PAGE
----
By the time I had read a few pages of John Cox’s Children Under Fire, An American Crisis, I knew I had to read the whole book. Why? Because the book opens with the description of a shooting in the Southeast neighborhood across the Anacostia River from downtown D.C., which is now an underserved, violence-ridden, overwhelmingly Black ghetto. But I happen to have spent the first five years of my life in that neighborhood.
That’s right. From 1944 until 1950, me, my older brother and my parents lived in an apartment on Hillside Road just off Benning Road, about a mile away from where six people were shot in one week, of which the last one killed was the father of seven-year-old Tyshaun McPhatter whose experiences become the initial content of this book.
The young boy’s experiences and the experiences of other children who are connected in some way to acts of gun violence also form the basic argument of this book’s narrative, which is that we underestimate the damage caused by guns to the young population, which then produces a seemingly unstoppable cycle of violence over which we exercise little, if any control.
As long as the author stays focused on the lives of children who are either victims of gun violence or experience it as seeing it damage or kill family and friends, the book reads as a genuinely moving and emotional perspective on an American problem which we do not seem to be able to eliminate or even control.
But there seems to be some unwritten rule in the publishing world that you can’t publish a book about guns or gun violence unless you stick in some kind of half-cocked plan for what needs to be done. And the plan to reduce gun violence found in this book is as stupid as they come.
The author begins by trying to figure out how many children are damaged in some way or another by shootings which occur in and around schools? The author puts the number [pp. 27-28] at more than 350,000, maybe half a million, maybe more.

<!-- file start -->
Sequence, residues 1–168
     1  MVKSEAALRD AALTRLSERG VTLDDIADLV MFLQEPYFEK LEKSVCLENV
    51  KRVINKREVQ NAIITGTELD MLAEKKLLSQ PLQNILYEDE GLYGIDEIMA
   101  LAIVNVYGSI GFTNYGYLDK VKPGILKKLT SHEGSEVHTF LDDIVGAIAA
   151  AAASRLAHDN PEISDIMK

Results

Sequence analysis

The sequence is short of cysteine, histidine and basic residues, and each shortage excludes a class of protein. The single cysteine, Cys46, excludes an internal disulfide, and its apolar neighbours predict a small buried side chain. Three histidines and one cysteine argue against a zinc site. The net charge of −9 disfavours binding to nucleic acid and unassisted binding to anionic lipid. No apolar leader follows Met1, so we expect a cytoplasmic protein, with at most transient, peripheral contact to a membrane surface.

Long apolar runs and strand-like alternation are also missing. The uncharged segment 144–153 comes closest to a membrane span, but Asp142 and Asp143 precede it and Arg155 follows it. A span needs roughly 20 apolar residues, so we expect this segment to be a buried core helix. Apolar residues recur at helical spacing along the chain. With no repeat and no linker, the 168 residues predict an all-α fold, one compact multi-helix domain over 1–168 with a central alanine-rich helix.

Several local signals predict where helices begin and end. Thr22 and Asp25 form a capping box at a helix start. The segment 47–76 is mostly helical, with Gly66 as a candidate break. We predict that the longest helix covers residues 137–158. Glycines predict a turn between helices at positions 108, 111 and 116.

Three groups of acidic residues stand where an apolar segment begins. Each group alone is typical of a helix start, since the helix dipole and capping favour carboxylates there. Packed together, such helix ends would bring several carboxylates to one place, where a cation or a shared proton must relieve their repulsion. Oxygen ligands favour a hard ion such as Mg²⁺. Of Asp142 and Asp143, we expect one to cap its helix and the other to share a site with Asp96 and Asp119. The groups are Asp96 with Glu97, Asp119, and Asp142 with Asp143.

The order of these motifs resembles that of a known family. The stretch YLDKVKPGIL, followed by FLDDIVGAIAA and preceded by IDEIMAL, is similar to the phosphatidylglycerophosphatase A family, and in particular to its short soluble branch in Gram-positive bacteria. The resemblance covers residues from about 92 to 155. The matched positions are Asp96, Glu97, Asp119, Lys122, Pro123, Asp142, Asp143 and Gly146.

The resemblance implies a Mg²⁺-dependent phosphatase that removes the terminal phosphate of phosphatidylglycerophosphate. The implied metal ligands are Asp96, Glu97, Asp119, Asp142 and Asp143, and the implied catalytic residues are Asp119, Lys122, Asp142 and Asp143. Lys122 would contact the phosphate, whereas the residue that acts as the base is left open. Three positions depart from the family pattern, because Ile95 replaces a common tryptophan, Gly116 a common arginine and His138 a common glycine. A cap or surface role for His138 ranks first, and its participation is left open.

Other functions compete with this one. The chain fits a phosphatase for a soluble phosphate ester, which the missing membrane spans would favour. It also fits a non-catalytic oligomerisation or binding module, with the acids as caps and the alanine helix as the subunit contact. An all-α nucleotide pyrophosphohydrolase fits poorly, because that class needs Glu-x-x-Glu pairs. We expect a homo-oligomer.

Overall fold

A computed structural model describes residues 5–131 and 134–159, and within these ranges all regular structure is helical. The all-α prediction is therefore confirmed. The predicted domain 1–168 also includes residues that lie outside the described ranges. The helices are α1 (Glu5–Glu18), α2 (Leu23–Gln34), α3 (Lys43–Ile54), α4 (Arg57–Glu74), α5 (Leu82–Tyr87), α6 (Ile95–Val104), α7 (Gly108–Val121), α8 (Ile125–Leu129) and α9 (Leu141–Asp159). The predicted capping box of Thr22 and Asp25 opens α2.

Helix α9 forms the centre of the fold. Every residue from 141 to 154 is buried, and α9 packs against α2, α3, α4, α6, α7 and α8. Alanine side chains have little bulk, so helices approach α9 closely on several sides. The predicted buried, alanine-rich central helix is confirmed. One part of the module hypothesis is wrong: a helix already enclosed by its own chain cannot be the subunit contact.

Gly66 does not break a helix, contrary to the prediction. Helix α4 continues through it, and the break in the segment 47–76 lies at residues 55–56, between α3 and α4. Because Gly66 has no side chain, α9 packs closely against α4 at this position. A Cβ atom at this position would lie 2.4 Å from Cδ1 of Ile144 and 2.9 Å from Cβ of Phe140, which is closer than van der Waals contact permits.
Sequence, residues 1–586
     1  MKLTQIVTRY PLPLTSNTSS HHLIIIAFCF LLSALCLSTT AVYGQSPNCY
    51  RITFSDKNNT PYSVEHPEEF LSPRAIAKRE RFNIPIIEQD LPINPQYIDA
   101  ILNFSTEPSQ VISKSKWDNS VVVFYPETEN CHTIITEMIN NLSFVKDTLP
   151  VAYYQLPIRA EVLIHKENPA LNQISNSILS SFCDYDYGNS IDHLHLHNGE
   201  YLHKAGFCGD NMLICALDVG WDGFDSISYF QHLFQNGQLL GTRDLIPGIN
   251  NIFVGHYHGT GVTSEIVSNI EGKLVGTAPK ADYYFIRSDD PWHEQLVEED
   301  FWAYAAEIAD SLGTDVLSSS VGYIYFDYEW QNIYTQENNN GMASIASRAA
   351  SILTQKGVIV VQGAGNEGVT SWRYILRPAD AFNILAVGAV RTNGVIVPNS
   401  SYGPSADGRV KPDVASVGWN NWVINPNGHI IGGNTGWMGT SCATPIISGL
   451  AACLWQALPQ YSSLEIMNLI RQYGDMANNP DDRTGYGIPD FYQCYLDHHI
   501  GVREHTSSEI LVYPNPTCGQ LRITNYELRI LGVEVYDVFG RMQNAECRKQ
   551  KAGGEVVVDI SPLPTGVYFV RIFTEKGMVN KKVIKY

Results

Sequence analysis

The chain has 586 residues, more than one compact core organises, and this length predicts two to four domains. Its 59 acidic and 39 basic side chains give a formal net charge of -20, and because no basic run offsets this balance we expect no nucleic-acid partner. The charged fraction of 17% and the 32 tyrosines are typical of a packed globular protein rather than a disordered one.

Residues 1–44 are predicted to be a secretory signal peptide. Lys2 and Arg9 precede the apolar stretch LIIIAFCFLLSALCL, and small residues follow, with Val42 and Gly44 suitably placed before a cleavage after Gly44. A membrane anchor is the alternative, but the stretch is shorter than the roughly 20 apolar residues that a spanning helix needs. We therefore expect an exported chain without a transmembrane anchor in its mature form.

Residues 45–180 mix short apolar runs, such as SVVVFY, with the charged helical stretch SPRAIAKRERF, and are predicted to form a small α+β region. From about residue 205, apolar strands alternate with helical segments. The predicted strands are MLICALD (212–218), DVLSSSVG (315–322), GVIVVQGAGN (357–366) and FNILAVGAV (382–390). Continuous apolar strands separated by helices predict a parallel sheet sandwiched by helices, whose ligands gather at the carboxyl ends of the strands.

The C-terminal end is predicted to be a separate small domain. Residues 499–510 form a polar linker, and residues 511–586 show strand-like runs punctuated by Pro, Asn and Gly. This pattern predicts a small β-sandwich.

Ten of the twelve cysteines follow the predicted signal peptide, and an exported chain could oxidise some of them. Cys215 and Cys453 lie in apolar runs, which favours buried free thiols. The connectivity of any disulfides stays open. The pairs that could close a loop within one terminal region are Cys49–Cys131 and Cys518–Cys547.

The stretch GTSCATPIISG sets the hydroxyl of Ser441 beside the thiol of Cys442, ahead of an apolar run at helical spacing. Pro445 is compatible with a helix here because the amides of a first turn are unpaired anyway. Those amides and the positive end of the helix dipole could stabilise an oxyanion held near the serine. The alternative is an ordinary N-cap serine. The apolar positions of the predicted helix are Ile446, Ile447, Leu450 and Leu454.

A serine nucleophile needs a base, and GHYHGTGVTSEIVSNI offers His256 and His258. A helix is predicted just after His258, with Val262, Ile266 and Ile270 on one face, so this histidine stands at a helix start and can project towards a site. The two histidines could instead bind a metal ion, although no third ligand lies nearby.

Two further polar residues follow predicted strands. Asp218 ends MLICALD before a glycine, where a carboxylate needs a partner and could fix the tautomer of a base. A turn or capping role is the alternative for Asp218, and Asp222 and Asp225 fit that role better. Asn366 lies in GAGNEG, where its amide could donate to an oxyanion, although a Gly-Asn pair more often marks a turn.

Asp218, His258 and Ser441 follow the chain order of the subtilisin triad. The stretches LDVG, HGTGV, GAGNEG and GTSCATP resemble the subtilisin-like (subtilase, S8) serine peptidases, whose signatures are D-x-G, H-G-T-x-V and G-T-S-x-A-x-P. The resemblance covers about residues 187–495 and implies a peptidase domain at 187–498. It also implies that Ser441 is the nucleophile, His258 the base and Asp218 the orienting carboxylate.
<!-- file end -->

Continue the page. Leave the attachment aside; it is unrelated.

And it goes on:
Except what he doesn’t say is that almost all of these shootings occur on school playgrounds and involve boys and young men who happen to be hanging out in the playground because it’s a convenient spot to buy and sell drugs, particularly in the evening hours after school has let out. Under federal law, schools are required to submit annual reports about violence on school property, and schools happen to be much safer physical environments than the surrounding neighborhoods in cities where gun violence takes place.
The author also makes a mistake by using the term ‘children’ to define anyone under the age of 19 or 20, even though a pediatrician who treats a 20-year-old patient isn’t dealing with a kid. The military trains men and women who have not yet attained their 20th birthday to go into combat zones. Does that mean we are sending children to fight in Afghanistan and Iraq?
As for the ubiquitous dopey plan to reduce gun violence, John Cox tells us that the three most important strategies should be: (1). Universal background checks on all gun transfers; (2). effective ‘safe storage’ laws, usually referred to as child access prevention (CAP) laws; and (3). more research to figure out what will “protect children from gun violence.” [pp. 289-292.]
There has never been one, single study which shows that universal background checks or CAP laws reduce gun violence at all. Not one.
As for more research, did it ever occur to this author ‘noch besser’ (read: better yet) a Pulitzer Prize nominee, that maybe, just maybe we can eliminate gun violence simply by getting rid of certain types of guns? Since when does the 2nd Amendment give carte blanche to owning any kind of gun? It doesn’t, and if you don’t believe me, I refer you to the assault rifle ban passed by the city of Highland Park and upheld by the Supreme Court in 2015.
The reason we have gun violence committed by and against kids (and adults) is very simple: the United States is the only country in the entire world which allows residents to own guns that are designed for military use. Sorry, but a Glock 17 pistol chambered for military-grade ammunition isn’t a ‘sporting’ gun.
We don’t need any more research to figure that one out. We just need the authors of books about gun violence to know something about guns.